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Exploring Northern Ireland

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Northern Ireland has emerged from decades of ‘The Troubles’ with a new-found vigour to show tourists it has plenty to keep them entertained. Entry to the Province from mainland Great Britain is via Belfast (George Best) International Airport, some 30 minutes by road from the city centre in Antrim, or the ferry terminals in Belfast and Larne, though Belfast also has good rail and road links with the Republic of Ireland.

Belfast, Northern Ireland’s capital city, is built on a plain between mountains and sea. Developed principally in the Victorian era, the city has a fascinating industrial heritage and you can now follow The Titanic Trail from the domed City Hall with its marble staircases in the centre of Donegal Square, across the River Lagan and through the Harland and Wolff Shipyards where the ill-fated ocean liner was built.

Exploring Northern Ireland



The world renowned Queen’s University and Stormont Castle, home to the Northern Ireland parliament, are impressive buildings within the city boundaries, though the latter is no longer open to the public, while the Ulster Museum, situated in the Botanic Gardens, houses a permanent exhibition detailing the history of Northern Ireland. Belfast’s cafes and restaurants have improved out of all recognition in the last few years and the city centre bars also go out of their way to make visitors seeking a traditional evening of entertainment more than welcome.

Away from Belfast, the countryside begins to show why Ireland is known as the Emerald Isle. Carrickfergus, on Belfast Lough, has its harbour overlooked by a Norman castle while the Ulster Folk and Transport Museum can be found at Holywood, on the main road between Belfast and the seaside town of Bangor. Killyleagh, on the shores of Strangford Lough, has its own castle and is recognised as one of the most picturesque towns in the Province.

No visit to Northern Ireland can be complete without exploring the Giant’s Causeway. Located on the North Antrim coast, close to the town of Bushmills, legend has it that this vast collection of basalt columns is where the Irish giant Finn McCool set off to confront his Scottish counterpart Benandonner. In reality, it was formed by a volcanic eruption around 50 million years ago.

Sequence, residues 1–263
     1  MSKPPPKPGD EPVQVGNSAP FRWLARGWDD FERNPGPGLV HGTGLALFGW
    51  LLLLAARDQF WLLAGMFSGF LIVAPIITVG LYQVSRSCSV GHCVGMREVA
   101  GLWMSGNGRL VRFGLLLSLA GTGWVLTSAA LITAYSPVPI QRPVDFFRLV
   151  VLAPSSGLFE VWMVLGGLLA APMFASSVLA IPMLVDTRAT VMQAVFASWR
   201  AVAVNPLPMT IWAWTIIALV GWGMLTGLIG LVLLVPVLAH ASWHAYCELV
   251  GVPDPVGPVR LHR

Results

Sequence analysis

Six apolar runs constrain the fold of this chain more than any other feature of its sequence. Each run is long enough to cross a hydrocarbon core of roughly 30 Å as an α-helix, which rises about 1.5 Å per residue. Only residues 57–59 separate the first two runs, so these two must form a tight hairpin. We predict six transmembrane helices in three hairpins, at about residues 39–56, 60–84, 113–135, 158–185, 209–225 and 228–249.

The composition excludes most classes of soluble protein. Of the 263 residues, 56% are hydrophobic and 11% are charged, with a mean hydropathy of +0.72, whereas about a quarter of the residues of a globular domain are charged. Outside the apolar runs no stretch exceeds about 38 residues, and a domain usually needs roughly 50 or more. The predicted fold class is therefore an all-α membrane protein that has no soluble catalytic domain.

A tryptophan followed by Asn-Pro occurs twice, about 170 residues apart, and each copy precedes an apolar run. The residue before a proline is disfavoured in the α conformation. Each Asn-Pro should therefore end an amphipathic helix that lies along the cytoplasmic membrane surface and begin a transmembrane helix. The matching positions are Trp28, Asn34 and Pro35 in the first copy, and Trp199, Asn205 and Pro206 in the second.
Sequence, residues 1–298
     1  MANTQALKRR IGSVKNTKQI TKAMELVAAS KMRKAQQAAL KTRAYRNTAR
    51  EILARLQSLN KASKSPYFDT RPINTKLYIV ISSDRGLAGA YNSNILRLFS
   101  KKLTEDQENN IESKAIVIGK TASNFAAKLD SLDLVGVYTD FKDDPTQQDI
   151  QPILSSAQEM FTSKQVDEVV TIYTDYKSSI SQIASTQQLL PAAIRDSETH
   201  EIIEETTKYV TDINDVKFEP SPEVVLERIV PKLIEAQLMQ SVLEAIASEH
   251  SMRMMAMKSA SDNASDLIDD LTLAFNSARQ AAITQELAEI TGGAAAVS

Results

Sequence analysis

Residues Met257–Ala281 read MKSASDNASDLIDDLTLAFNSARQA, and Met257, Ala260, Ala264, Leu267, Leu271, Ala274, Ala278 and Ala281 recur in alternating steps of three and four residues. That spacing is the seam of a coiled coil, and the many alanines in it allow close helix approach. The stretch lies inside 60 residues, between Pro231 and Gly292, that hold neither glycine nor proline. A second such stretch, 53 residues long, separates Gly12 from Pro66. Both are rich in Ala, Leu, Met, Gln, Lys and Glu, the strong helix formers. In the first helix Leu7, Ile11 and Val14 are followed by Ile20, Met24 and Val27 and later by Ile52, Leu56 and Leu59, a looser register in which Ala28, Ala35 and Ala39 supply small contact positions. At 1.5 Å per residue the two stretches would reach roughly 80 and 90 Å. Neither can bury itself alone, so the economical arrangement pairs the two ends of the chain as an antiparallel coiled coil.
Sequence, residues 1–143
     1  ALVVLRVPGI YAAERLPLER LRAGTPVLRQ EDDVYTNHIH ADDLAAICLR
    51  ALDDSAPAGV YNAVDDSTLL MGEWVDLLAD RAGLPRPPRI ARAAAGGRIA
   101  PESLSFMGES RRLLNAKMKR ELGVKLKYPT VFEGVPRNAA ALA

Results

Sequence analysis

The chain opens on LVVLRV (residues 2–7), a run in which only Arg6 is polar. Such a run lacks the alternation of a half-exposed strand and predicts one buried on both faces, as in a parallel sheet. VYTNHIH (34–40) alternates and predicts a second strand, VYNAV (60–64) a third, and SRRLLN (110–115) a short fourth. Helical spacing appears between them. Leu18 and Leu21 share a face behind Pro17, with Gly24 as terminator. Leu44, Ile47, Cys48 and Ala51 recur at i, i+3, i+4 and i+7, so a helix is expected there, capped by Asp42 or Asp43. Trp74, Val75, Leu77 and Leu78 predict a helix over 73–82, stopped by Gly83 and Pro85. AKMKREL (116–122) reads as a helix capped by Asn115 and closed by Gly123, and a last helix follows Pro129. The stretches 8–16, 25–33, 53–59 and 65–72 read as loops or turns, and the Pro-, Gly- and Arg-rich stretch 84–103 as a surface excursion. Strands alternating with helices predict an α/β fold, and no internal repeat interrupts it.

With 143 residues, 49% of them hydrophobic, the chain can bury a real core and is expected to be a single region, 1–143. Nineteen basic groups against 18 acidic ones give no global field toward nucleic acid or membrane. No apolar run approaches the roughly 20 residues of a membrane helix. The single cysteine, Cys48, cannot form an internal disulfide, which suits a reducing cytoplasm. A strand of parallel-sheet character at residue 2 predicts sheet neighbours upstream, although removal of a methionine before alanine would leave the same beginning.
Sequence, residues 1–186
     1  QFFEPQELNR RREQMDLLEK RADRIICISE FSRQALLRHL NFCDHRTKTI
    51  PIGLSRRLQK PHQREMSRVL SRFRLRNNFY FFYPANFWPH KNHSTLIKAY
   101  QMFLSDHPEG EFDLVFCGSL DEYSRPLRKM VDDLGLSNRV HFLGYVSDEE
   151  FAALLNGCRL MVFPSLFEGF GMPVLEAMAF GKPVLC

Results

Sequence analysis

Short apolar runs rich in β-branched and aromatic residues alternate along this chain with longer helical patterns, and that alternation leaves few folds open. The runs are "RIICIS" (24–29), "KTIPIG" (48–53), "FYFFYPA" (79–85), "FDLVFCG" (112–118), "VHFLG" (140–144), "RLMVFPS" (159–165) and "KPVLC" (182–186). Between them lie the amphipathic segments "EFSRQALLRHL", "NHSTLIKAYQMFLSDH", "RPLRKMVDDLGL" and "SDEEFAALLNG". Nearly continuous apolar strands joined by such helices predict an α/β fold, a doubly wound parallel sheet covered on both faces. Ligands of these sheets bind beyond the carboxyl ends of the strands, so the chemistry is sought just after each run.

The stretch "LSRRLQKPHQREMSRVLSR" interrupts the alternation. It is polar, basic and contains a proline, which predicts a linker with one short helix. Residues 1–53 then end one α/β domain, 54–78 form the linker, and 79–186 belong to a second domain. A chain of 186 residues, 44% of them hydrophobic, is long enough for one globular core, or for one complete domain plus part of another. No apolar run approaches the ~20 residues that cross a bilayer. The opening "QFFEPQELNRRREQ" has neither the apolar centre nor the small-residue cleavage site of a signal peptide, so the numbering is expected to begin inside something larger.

The town of Bushmills, itself, is synonymous with Irish Whiskey and tours of the distillery take you through the whole process of manufacture from mashing to bottling, with a taste of the tipple before you leave. Dunluce Castle, at White Rocks between Bushmills and Portrush, dates back to the 14th century and has a rich and varied history while the ruins of Kinbane Castle dominate the rugged cliffs and rocks of Kinbane Head. Bird watchers and botanists can take a ferry to Rathin Island from nearby Ballycastle and this stretch of coastline is also an excellent spot for diving with around 100 registered wrecks to explore.

There’s an unusual attraction at Florencecourt in County Fermanagh. The Marble Arch cave complex contains caverns, waterfalls and underground rivers and the tour, best if pre-booked, starts with a boat ride through the access passages while it’s also easy to pass a relaxing few hours at the Ulster American Folk Park. Located north of Omagh in County Tyrone, the museum has a large car park and is also on the main bus route between Belfast and Derry. Characters in costumes of the time recount the story of the mass Irish emigration to America using mock-ups of typical Irish thatched cottages and a frontier log cabin. There are also craft demonstrations and depictions of how those early transatlantic travellers survived and flourished when they arrived in America.

On a final note, make sure you visit the Mountains of Morne before you leave. Just to the south of Downpatrick and the Church of Ireland cathedral, last resting place of Ireland’s patron saint, Saint Patrick. On the road to Rostrevor on the shores of Carlingford Lough from Kilcoo, you pass by some of Northern Ireland’s most picturesque villages. Kilkeel is the largest town in the Kingdom of Mourne and a port renowned for its seafood. The capital of County Down, it’s only a short drive from there to the spectacular Spelga Dam.

Northern Ireland isn’t as easily accessible as the rest of the UK but you certainly won’t regret taking the time to sample its attractions. 



 

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